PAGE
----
H&R Block: The Ugly, The Bad, and The "Looking for Something, Anything Good"
The quarter was an incredible screw-up, even for a company that has a history of incredible screw-ups...
Since the quarter was an incredible screw-up, even for a company that has a history of incredible screw-ups, I will break with tradition and start with…
The Ugly: The Numbers
The numbers missed consensus by a lot, despite consensus being a totally uninspiring -$0.28; H&R Block (HRB) reported a -$0.41. To put this in some context, it did -$0.09 1Q last year-so the excuse that first quarters are always seasonally weak goes out the window.
Mitigating Factor: It was not really a surprise-guidance did not reflect the 19 cent mortgage reserve announced last week-the reason the stock did not sell off post announcement, despite the numbers looking much worse than expectations.
The company reduced already anemic guidance from $1.80-$2.05 to $1.60-$1.80. The reduction was primarily related to additional provision for repurchase reserves.
It still strikes my firm as too high as it assumes default experience does not worsen from here. We think that deteriorating real estate prices and rash of ARM prepayments may lead to significantly more charges than management expects (or admits to).
Just a week ago the company reported that it was setting aside $102 million to cover losses in its sub prime mortgage lending unit. CEO Ernst expressed confidence that the expanded reserve is large enough to cover loan losses.
My firm would like to point out that this is a company that offers a wide range for earnings guidance and has still missed 4 of the past 6 quarters. I am not sure how much confidence I have in CEO Ernst's confidence.
Mitigating Factor: Consensus numbers were already within range of new guidance.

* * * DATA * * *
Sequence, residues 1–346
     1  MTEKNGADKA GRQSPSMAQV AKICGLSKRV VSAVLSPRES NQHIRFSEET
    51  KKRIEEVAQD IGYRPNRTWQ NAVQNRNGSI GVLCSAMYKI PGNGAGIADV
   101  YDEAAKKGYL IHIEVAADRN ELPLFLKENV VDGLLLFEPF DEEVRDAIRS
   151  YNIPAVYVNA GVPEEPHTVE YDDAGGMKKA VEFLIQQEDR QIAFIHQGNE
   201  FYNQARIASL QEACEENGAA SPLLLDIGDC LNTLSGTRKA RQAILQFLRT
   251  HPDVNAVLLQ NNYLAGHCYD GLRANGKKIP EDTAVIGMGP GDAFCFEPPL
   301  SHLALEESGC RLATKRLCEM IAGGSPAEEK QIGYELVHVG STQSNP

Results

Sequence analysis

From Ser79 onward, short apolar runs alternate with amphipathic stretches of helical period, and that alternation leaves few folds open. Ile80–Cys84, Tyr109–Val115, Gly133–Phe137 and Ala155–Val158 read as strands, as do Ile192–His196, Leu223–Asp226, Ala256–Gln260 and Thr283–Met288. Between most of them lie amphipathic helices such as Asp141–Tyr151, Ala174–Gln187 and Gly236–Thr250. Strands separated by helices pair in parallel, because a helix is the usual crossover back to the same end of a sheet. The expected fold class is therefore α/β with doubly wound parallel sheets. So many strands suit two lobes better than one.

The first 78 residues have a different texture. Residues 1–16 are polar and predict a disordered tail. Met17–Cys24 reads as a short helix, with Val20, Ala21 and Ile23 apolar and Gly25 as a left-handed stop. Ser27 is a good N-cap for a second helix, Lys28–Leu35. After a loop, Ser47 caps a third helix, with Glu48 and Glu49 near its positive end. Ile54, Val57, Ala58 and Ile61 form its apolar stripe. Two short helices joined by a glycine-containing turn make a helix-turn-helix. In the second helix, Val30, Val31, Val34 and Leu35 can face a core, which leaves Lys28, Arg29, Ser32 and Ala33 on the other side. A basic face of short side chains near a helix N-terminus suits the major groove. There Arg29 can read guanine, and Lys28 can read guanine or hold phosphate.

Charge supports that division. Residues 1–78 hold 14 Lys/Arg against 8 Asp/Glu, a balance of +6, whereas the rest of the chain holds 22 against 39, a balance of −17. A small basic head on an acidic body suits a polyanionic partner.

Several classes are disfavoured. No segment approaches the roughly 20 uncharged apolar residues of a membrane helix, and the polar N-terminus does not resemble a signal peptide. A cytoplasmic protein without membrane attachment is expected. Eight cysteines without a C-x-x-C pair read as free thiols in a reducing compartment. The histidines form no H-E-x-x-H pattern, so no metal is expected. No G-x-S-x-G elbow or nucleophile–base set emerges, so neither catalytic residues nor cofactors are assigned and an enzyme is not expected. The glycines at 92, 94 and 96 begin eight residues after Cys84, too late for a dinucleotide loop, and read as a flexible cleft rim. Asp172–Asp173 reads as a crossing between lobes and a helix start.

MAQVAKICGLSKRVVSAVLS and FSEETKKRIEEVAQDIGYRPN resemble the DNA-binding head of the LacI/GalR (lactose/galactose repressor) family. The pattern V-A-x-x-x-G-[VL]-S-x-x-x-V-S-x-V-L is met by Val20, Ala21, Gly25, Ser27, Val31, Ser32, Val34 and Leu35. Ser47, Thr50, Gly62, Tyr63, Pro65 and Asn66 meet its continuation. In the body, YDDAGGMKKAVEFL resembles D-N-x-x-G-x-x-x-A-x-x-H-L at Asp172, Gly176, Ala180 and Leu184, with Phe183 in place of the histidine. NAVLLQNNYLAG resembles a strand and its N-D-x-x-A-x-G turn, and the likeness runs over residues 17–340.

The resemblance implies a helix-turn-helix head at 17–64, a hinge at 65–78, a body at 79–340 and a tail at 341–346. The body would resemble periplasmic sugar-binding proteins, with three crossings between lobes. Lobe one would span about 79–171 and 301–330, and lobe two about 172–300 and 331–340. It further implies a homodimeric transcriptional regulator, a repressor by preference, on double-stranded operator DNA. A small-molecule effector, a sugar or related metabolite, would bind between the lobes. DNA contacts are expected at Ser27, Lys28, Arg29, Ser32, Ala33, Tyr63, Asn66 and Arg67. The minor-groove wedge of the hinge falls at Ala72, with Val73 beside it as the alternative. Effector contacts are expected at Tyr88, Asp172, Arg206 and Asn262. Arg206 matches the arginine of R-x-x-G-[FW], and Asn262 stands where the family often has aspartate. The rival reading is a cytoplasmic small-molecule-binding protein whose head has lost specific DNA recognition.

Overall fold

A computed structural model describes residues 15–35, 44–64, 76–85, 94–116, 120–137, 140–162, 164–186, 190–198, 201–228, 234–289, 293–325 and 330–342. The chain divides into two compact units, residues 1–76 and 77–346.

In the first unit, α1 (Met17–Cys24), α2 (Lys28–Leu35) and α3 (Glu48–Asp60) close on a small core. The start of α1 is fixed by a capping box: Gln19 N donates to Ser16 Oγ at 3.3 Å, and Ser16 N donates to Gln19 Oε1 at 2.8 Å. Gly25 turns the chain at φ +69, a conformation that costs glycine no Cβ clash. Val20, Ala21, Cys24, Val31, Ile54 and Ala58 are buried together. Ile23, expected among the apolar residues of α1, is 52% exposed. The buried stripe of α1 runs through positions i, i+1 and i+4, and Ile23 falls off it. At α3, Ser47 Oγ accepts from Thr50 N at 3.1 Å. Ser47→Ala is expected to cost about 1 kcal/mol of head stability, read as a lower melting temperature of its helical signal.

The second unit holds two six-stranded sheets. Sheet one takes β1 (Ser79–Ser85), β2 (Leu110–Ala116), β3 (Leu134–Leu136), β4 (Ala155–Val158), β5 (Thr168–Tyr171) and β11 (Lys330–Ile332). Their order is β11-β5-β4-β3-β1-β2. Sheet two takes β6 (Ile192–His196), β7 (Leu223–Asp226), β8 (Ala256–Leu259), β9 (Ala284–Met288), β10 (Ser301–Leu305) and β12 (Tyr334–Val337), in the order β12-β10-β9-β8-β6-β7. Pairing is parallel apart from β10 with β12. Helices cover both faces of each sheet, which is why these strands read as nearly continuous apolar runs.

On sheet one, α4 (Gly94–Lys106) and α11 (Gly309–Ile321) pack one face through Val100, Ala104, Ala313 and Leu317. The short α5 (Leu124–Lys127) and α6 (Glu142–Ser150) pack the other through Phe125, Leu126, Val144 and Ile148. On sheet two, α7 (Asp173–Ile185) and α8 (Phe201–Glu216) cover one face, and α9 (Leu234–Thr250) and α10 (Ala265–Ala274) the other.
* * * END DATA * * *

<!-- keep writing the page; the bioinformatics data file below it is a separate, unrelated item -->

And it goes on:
Gain on Sale Mortgage assets 2005Q: $236 mln
Gain on Sale Mortgage assets 2006Q: $63 mln
For other mortgage companies, some cryptic comments (that we already knew) from CEO Ernst:
"Wall Street firms and other loan buyers in the secondary market have become much more stringent in their enforcement of their requirements to buyback loans."
The default rate is up to 5 percent from 2 percent last year. Our view is that other mortgage lenders are facing, or will face, the same problem.
Block's tax service business, which historically incurs first-quarter losses, reported a pre-tax loss in the latest period of $153.1 million, compared with a $144.5 million loss last year. The company attributed the loss to opening 300-400 more offices nationwide
Question: why open the offices?
Management indicated that lower net income leaves room for only 17 million share repurchases; investors were certainly hoping for more.
Sale of the mortgage business is looking increasingly unlikely. CEO Ernst, during the call, discussed a lack of "strategic alternatives" for mortgages.
Net debt increased y/y by $480 million (company used to have positive net debt, meaning more cash than debt).
Outside of mortgages, other business lines "performed in line with expectations," said CEO Max Ernst.
It is not hard to perform in line with expectations when there are no expectations because your other businesses are preparing taxes and loaning money at usurious rates against tax returns and it isn't even close to tax return season.
Revenues in Business Services rose 62 percent. Giving the devil his due, this line and the acquisition from AMEX seem to be working.
Bottom-line: The announcement was really a repeat of last week's writedown (except the amount of share repurchase was disappointing), so we don't expect immediate effects. The only bull case we have heard for these guys is that they have an above T-bill FCF yield of about 5 percent. Slightly above the risk-free rate does not seem compelling to us given high mortgage risks, uncertain tax outlook, decreased ability for financial engineering, management's poor history of delivering on promises and lack of real direction in businesses.
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